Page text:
But they were mounting their ponies. Schieffelin realized with a surge of relief that they were making ready to go away. The five that had floated up against the sky floated down again. Digging their heels into their ponies' sides, the band got under way. Hoo-hoo-hoo-ah-hoo! Their chanted grunting came to Schieffelin's ears in jolting rhythms as they rode off in the thickening darkness. But there was still danger. They were heading in the direction of Schieffelin's mule. Would that fool beast have sense enough to stick to cropping grass or, under sudden lyric urge, would it intone a hymn to the evening star? An aria at this crisis would be fatal. Or would those desert bloodhounds pick up Schieffelin's own trail in the wash and come back to lift his hair? Hoo-hoo-hoo-ah-hoo! The muffled cadence was growing fainter. With straining eyes, Schieffelin watched the huddle of jostling forms dwindle in the distance. It faded into a formless blur, winked out at last in blank darkness. They were gone. Still from far off the rhythmic whisper throbbed through the night. Hoo-hoo-hoo-ah-hoo!

Sweet music to Schieffelin's ears after a night of sleepless vigilance was the hee-haw of his mule uplifted in joyous salute to the morning. When the sun again shone serenely over the familiar landscape, exorcising the lurking terrors of darkness, he felt the happy elation of one who has awakened in the nick of time to escape the hobgoblins of a nightmare. Three miles beyond him rose the hills that had so long intrigued and baffled him. He had had his first glimpse of them in April; this was the middle of August. Before him the wash led upward to the sunlit heights. Once more astride his mule, he set off on the day's adventures.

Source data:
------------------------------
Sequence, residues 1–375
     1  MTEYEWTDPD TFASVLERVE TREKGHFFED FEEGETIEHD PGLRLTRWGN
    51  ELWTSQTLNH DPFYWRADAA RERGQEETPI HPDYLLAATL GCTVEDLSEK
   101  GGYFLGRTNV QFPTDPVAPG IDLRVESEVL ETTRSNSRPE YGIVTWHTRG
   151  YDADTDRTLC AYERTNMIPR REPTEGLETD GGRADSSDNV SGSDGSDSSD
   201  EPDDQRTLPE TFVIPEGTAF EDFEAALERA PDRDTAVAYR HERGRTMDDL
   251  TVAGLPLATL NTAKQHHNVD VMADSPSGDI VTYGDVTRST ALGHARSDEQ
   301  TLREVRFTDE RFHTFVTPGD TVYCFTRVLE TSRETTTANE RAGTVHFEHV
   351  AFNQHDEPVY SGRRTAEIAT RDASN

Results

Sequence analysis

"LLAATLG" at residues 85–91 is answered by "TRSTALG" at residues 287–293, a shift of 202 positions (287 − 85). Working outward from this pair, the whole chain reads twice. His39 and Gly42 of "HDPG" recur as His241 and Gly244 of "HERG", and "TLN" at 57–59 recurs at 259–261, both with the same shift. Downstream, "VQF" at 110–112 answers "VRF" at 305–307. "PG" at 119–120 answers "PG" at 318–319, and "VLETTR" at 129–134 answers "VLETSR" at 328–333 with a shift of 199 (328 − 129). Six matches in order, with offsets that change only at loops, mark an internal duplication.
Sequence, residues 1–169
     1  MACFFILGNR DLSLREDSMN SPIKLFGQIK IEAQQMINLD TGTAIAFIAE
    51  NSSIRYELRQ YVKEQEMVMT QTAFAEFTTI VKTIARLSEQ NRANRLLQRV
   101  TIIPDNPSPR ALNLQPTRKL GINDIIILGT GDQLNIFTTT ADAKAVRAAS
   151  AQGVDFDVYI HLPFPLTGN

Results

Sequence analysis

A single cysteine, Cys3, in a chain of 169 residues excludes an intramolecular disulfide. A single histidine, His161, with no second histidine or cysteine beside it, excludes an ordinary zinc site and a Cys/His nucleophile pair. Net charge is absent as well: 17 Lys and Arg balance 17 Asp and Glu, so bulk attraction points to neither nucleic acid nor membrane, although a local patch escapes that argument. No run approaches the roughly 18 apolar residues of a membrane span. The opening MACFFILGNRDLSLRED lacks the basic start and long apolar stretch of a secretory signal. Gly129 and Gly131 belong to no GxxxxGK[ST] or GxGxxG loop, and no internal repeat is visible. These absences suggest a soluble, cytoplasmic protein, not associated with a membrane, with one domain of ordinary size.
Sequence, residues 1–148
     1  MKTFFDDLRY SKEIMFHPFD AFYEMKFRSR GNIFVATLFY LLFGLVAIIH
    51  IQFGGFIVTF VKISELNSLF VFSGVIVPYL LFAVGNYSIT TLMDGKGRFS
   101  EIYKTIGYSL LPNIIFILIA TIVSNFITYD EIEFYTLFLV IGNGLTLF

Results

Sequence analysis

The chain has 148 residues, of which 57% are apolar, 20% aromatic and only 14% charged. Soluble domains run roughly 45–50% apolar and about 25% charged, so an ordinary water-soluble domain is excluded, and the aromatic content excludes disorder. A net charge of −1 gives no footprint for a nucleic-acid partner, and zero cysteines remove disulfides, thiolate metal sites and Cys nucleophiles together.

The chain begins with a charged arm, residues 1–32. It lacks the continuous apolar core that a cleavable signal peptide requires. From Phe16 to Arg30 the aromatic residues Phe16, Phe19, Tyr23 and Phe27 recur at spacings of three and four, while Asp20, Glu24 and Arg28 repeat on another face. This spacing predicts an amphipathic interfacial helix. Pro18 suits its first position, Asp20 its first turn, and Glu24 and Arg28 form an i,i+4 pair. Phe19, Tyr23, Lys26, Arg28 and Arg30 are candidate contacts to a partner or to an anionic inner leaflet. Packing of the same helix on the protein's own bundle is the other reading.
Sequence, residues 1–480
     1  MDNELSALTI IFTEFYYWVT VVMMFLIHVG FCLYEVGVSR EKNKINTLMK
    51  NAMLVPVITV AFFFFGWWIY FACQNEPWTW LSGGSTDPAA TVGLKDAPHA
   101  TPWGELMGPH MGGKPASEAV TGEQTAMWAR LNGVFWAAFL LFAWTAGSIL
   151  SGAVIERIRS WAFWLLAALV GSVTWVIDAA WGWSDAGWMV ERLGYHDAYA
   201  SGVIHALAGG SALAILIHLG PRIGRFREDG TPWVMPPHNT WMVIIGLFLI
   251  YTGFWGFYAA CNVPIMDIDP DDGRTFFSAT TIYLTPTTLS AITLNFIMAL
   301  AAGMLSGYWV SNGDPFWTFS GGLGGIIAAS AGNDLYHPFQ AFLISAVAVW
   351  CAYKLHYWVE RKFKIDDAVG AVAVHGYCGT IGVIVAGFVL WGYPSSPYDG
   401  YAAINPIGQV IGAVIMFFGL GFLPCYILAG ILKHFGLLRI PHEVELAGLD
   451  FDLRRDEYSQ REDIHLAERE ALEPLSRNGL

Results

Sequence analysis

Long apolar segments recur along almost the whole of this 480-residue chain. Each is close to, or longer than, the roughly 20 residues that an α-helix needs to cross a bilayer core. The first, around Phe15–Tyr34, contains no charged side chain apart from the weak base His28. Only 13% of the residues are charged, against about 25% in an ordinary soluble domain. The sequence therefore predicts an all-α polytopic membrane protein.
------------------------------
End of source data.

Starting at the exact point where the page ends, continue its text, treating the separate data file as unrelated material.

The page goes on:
Float was plentiful. The fragments scattered along the sides of the wash were like markers left to guide him. He entered the vestibule of the hills; the wash divided. Which branch should he take? One possibly led to poverty; the other to wealth. While he paused in momentary quandary, a cottontail rabbit darted from a covert, scurried across the wash from the left, and disappeared up the right-hand gulch, leaving a trail of tiny footprints in the sand. It seemed an augury. Schieffelin staked his mule in the brush and on foot followed the cottontail. Destiny at the crossroads was determined by a trifle.

He worked up the draw to its head far back in the range. The barren hills swept down in flowing curves that flattened into tables and dipped into hollows and saddles and were cut deeply by innumerable ravines. Far up toward the summit, he spied an irregular ledge of grayish rock marbled with black and reddish-yellow splotches; he estimated its length at fifty feet and its width at six or eight inches. There were other ledges in plain view striping the hills. But this ledge stretching its undulant length along the dark slant of mountain stirred him like a battle flag. Toward it, as if drawn by a magnet, he laid his course, never swerving or turning aside as, labouring upward, he stumbled across arroyos and crashed through thickets of cat-claw and pear.

Breathless, wet with sweat, his heart pounding, he stood before the ledge at last. He sank his prospector's pick into the rock; it came crumbling down in a heap of brittle lumps. In a hand that trembled as with an ague, he picked up a fragment; he examined it with feverish eyes. It was streaked and veined and stained with silver. His brain reeled with the richness of it.

No one was there to see the climax of this one-man drama staged on the bleak hillside. No one but Schieffelin knew the thrill and romance of it. He was alone with his mountain, alone with his dreams come true, alone with his achievement, alone in the glory of it. For this he had wandered in poverty for years through mountains and deserts, starved, suffered, braved death. Here was the goal of his life, his ultimate destination. This desolate spot was the end of the rainbow.